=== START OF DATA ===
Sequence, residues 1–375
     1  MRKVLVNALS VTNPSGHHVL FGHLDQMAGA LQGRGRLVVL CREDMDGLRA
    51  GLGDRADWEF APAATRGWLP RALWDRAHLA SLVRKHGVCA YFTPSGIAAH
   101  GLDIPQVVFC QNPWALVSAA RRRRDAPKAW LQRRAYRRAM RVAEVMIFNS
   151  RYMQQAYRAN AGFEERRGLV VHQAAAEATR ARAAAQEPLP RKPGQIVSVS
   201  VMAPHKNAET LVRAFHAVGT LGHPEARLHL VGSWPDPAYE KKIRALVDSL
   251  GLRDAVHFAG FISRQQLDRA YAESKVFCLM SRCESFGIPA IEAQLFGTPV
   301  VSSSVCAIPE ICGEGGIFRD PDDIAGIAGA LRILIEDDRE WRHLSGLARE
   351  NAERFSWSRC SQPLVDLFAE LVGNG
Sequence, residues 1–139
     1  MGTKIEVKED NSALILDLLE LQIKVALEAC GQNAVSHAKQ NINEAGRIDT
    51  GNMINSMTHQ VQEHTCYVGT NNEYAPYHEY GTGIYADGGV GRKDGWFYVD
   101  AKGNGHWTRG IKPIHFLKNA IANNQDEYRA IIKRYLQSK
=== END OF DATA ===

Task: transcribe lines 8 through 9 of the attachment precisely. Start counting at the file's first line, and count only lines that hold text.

   301  VSSSVCAIPE ICGEGGIFRD PDDIAGIAGA LRILIEDDRE WRHLSGLARE
   351  NAERFSWSRC SQPLVDLFAE LVGNG